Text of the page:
For instance, I’d been looking forward to capping off my Saturday by dancing to Girl Talk, but from where I stood, all I could hear was various disgruntled crowd members yelling “Turn it up!” I joined the riot for a minute but soon understood it wasn’t going to get any better, so I glumly left for the night. (Actually, I ended up at my friend Becky’s karaoke birthday party, where I talked to an old high-school crush and sang “I Wanna Dance with Somebody” in half-falsetto.) In a couple of other cases, there were extenuating circumstances. Earlier on Saturday, Fujiya & Miyagi‘s excellent take on krautrock as pop miniatures was unfortunately tinny, but I’m guessing that electronic drums and constantly whispered vocals aren’t always the easiest mix in a live setting. (Backstage, Matthew Perpetua suggested that the band isn’t much more dynamic in clubs, either. Ah well, it’s still great headphone material.) And on Sunday, Brightblack Morning Light took a good half-hour to set up, and after ten minutes, their wispy, nature-worshipping psychedelia didn’t seem worth the wait. The best performance I saw on the Balance stage, then, was The Field, who threw a bone to the Pitchfork audience by mixing a few bars of Annie’s “Heartbeat” into his dreamy glacial trance. Of course, it helped that I wriggled my way to within 20 feet of Axel Willner’s laptop.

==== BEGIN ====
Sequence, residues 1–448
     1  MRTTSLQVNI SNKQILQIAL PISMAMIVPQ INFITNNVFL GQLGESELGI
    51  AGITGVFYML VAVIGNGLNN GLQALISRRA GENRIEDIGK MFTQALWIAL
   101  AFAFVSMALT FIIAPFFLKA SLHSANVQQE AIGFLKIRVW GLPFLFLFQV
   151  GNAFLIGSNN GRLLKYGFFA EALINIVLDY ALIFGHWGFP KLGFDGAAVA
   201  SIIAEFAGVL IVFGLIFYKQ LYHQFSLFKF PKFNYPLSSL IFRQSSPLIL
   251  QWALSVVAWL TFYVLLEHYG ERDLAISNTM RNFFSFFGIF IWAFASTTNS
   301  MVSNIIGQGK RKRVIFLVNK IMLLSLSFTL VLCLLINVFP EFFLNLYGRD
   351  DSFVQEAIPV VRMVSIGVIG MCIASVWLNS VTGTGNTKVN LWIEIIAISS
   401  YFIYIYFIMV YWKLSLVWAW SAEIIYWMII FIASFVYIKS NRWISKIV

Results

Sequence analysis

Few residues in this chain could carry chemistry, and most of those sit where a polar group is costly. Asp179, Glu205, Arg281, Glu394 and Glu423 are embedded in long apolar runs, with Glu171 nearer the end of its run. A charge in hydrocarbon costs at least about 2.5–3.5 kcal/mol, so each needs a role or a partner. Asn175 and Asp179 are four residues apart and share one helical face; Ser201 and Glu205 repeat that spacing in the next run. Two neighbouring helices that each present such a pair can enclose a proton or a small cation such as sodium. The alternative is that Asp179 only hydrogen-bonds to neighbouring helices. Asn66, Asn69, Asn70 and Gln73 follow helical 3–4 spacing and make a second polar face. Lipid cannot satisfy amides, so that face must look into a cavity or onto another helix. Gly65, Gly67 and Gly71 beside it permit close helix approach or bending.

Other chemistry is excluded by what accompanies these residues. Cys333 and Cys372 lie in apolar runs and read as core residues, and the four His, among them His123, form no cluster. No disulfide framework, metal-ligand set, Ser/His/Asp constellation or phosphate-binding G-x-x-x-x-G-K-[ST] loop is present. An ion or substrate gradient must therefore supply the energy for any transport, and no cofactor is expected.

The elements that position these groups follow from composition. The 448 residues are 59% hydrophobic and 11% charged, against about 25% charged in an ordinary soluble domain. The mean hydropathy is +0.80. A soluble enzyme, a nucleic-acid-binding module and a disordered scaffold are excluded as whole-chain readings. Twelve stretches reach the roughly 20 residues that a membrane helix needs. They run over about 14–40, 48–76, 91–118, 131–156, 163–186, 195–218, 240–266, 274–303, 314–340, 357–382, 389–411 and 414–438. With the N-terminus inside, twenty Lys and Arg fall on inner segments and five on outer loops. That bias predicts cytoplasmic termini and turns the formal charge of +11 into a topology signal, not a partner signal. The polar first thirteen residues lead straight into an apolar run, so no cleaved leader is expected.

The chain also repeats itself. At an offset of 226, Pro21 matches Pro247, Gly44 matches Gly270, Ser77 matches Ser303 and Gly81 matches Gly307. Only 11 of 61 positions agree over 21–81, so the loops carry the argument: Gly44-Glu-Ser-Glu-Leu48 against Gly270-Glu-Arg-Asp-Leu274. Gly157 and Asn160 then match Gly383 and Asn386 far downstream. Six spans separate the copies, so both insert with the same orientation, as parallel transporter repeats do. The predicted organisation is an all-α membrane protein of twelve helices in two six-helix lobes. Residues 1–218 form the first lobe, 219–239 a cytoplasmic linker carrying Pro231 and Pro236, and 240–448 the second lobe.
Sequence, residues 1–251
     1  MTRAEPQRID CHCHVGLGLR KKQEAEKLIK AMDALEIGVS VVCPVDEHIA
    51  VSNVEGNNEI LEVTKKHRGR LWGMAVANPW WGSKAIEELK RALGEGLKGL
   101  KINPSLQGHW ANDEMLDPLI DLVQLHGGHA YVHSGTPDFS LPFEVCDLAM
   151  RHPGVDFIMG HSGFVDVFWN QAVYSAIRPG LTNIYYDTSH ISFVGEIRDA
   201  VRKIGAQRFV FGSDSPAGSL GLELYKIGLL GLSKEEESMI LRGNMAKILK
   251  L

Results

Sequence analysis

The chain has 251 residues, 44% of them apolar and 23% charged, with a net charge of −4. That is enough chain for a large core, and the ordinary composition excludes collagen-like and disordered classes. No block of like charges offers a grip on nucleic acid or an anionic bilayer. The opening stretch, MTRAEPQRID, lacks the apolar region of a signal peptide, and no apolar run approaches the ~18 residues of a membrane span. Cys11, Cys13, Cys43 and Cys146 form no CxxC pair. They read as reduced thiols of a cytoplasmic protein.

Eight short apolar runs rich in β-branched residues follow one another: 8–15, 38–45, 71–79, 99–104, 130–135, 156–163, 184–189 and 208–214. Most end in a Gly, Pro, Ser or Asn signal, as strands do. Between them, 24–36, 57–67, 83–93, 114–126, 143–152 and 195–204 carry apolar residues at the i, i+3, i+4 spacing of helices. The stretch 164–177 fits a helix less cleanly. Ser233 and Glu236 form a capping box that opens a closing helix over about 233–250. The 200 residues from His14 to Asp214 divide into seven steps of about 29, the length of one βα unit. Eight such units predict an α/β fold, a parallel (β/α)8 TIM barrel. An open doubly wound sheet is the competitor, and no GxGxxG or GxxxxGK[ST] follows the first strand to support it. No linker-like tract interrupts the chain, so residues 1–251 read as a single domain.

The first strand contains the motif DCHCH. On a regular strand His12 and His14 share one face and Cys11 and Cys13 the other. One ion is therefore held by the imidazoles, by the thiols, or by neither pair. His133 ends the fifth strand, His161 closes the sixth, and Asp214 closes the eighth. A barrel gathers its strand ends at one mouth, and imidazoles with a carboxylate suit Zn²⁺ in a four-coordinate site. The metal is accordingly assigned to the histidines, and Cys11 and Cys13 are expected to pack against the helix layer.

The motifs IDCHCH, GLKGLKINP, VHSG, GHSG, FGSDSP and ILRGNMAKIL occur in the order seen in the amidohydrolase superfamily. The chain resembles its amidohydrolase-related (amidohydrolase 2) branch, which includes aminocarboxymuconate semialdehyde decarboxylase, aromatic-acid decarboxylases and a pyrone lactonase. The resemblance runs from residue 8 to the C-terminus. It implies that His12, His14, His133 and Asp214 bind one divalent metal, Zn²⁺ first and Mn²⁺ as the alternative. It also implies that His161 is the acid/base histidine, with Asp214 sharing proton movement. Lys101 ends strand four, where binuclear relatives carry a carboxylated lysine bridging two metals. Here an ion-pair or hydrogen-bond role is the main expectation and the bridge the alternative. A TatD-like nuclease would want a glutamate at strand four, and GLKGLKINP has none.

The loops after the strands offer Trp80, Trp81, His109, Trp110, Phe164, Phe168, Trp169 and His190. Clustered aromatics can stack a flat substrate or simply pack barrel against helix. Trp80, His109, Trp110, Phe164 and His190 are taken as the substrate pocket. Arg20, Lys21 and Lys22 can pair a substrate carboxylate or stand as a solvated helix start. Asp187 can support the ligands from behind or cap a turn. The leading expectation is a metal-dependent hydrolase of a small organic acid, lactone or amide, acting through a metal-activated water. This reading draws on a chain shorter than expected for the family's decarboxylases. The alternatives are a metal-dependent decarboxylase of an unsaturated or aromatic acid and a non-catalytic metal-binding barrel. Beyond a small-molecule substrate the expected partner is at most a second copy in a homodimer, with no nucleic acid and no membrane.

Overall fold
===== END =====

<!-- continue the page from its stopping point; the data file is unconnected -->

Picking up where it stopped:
But let’s back up. I arrived at Union Park on Friday night a little before Slint were due to go on but opted to camp out for a good spot in front of the other stage instead. I’d seen Slint on their reunion tour in 2005, and even though I do admire Spiderland, I learned then that they’re a pretty static live band, and so I didn’t feel as though I was missing much. Not being all that familiar with GZA‘s Liquid Swords (apart from “4th Chamber”), I couldn’t fully appreciate the first act I caught, but I was also bothered by a mix that buried RZA’s beats below the barking of hype men and by my suspicion that GZA didn’t really want to be there. (It was hard not to be made uncomfortable by the tepid crowd response, especially after GZA announced that he’d blown off a Wu-Tang show in Amsterdam to perform at the festival; for all the hip-hop fans in Pitchfork’s sphere, though, I’m guessing that most audience members were simply waiting for Sonic Youth.) I agree with Greg Kot that Cappadonna’s fierce rhymes upstaged GZA, anyway

Sonic Youth were my favorite band when I was a senior in high school, and they’re my favorite band today (though there were a few intervening contenders). That fact, plus the knowledge that they’re capable of a truly transcendent live set (cf. Metro, 2002) meant that Friday’s performance of Daydream Nation in its entirety held a great deal of promise. Though it’s with some reluctance, Daydream Nation is also my favorite Sonic Youth album: while on any given day, I might prefer Sister or Washing Machine or even Rather Ripped, the sheer ambition and scope of Daydream creates a sense of masterpiece that’s tough to ignore.